I’m one of those artsy types that believes that the process of making/doing/creating is equal if not superior in importance to the end product itself. That being so, I want to share with you a little more of what goes into creating a handwoven textile.
Weaving is one of those artistic disciplines where it’s not so easy to get half-way into a project then decide to change directions completely. Even quilting can have an element of I’m-just-flying-by-the-seat-of-my-pants-here if you set out to work spontaneously. You need to have a general idea (if not an exact idea) of what you want the cloth to look like in order to do calculations and order supplies. There is plenty of wiggle room in what you use for weft threads, but once your warp is on the loom you’re stuck with it. Creating the warp and getting it on the loom (referred to as dressing the loom) are the most difficult parts of the weaving process. Many a weaver has lost sleep & sanity over these processes. The good news? Once you really get it you’ll never forget it.
1. Decide on a pattern & order materials. That’s a lot of yarn right there.
2. Using a contrasting thread, map out the route your warp threads will travel on the warping-board. See the cross on the bottom there? That’s important.
3. Follow that route with your warp threads according to the pattern you have decided on.
4. Here you can see that I chose black-grey-black-grey-black-teal for my warp pattern.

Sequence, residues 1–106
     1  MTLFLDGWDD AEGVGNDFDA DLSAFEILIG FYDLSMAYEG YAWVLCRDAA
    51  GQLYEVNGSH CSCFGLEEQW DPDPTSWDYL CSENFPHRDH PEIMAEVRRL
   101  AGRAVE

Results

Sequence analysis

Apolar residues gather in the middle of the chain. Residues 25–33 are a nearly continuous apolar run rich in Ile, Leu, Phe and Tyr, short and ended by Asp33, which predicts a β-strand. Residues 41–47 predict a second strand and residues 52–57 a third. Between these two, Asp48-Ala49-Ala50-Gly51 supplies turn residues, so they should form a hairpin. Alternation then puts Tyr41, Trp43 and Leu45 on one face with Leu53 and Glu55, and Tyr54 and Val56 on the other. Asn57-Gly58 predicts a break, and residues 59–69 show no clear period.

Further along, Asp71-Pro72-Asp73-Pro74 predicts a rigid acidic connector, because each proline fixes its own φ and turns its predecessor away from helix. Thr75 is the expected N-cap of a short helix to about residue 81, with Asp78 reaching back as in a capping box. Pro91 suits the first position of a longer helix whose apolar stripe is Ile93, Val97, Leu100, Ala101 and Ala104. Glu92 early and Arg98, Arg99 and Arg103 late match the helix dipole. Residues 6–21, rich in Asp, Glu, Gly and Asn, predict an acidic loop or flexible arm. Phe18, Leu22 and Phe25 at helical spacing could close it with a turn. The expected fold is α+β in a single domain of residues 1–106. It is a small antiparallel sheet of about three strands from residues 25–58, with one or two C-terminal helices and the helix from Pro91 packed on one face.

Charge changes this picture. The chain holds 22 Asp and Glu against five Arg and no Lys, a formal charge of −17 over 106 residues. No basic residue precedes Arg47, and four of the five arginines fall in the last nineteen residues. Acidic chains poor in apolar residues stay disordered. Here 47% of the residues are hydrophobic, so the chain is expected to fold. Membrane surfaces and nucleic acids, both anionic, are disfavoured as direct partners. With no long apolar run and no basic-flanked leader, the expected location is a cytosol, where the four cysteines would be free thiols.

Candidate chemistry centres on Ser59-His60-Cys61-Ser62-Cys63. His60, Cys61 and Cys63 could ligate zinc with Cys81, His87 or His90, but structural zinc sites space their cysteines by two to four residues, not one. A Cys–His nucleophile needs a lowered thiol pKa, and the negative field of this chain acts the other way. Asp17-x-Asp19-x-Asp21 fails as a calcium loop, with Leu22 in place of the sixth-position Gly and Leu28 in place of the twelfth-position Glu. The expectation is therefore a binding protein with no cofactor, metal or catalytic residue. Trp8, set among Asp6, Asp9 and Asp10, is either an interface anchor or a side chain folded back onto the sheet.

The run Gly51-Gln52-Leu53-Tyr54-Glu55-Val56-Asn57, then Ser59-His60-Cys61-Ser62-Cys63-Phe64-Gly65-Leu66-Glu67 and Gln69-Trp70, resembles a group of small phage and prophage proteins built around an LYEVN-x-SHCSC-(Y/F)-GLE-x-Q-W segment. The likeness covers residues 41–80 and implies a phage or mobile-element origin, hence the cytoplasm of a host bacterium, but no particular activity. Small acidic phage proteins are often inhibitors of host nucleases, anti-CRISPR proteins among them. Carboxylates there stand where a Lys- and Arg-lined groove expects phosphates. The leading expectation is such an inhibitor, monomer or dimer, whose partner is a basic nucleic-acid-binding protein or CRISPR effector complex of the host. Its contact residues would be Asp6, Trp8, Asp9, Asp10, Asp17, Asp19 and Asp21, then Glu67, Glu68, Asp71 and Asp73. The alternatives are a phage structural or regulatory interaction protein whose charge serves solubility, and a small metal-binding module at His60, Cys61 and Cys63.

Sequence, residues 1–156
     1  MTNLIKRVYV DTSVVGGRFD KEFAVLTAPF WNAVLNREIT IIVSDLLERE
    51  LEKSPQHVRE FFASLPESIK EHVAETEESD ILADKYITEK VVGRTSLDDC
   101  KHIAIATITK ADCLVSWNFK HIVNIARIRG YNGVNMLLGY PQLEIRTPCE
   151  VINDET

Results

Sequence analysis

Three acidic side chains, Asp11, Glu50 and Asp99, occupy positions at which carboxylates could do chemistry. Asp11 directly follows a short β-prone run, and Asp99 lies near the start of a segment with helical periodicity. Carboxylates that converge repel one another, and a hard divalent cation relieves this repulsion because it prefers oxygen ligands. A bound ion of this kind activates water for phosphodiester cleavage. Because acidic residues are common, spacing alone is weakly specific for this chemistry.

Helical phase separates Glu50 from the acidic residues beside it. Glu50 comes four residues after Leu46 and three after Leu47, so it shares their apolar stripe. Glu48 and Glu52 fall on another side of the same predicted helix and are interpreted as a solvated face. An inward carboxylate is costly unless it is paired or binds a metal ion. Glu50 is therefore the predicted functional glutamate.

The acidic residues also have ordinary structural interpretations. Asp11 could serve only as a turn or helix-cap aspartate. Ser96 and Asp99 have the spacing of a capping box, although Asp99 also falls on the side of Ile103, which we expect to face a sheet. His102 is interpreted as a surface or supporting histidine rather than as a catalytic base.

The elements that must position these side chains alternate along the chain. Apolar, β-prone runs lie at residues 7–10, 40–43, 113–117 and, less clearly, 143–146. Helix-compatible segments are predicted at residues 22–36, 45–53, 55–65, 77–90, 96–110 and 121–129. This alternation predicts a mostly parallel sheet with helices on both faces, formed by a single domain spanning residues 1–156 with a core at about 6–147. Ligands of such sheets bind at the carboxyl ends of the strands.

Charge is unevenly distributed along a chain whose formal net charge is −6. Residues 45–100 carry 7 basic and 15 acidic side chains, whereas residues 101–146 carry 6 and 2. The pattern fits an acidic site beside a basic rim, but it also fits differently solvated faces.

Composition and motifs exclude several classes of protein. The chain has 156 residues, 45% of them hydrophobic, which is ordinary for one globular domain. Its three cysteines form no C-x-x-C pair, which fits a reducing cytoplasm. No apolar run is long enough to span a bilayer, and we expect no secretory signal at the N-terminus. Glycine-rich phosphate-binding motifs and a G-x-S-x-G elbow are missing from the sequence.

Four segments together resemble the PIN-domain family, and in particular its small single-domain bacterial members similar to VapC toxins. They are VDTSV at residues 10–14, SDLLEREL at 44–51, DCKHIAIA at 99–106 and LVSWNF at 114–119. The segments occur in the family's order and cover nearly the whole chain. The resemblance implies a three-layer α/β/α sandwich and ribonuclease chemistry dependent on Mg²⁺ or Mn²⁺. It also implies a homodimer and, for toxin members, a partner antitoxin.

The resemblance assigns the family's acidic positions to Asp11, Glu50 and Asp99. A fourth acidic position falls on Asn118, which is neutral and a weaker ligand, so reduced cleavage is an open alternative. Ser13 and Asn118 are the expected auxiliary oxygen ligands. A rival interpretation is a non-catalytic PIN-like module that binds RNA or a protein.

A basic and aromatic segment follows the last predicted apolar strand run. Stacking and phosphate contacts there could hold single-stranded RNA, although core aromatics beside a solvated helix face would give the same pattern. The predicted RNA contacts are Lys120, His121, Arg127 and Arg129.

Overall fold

5. Carefully remove the warp from the board by securing it with ties and crochet-chaining it (using your hand as a hook).
6. This is that cross I mentioned. It keeps all your threads in order. Without the cross all you have is a heapin’ mess of threads.
7. Your warp will wait quite patiently when it’s chained, not much harm can come to it unless you have a child or cat.
8. Here on the back of the loom is where the party gets started! The ends of the warp bundles are slipped onto a rod that is attached to a beam. Onto this beam (the appropriately named Warp Beam) your warp will be wound under tension.
9. It is up to you how you want to create this tension. For short warps like this one I use a wrapping method. Sometimes I wish magic was an option because creating tension can be a big pain in the tuchus.
10. The friction of the warp around the front beam and then back over itself is enough to keep the threads tight & orderly.
Then you’re done!
Just kidding, there’s lots more work where that came from
Disclaimer: This is not meant as a comprehensive explanation of the warping process, I’m merely hoping to wet your appetite for the textile arts with some pretty pictures!
Posted in Fibers, Quilting, Weaving | Tagged art, design, dressing the loom, fiber, fiber arts, hand weaving, process, textile, textile design, warp, warp chain, warp threads, warping, warping board, weaving | Leave a Comment »
Let me sum up the last four months in one word: ridiculous.
My productivity level plummeted even though I never stopped working/going-going-going. I must have spent at-least one month of evenings after work just researching ways to make my weaving more time-efficient. I learned a ton that will help me with future projects, but boy do I wish I had more finished product for the Christmas shopping season!
Today I took 10 handwoven tea-towels to The Cupboard. “Real-life” showed up and got in the way of crafting so that’s all I have to show for myself.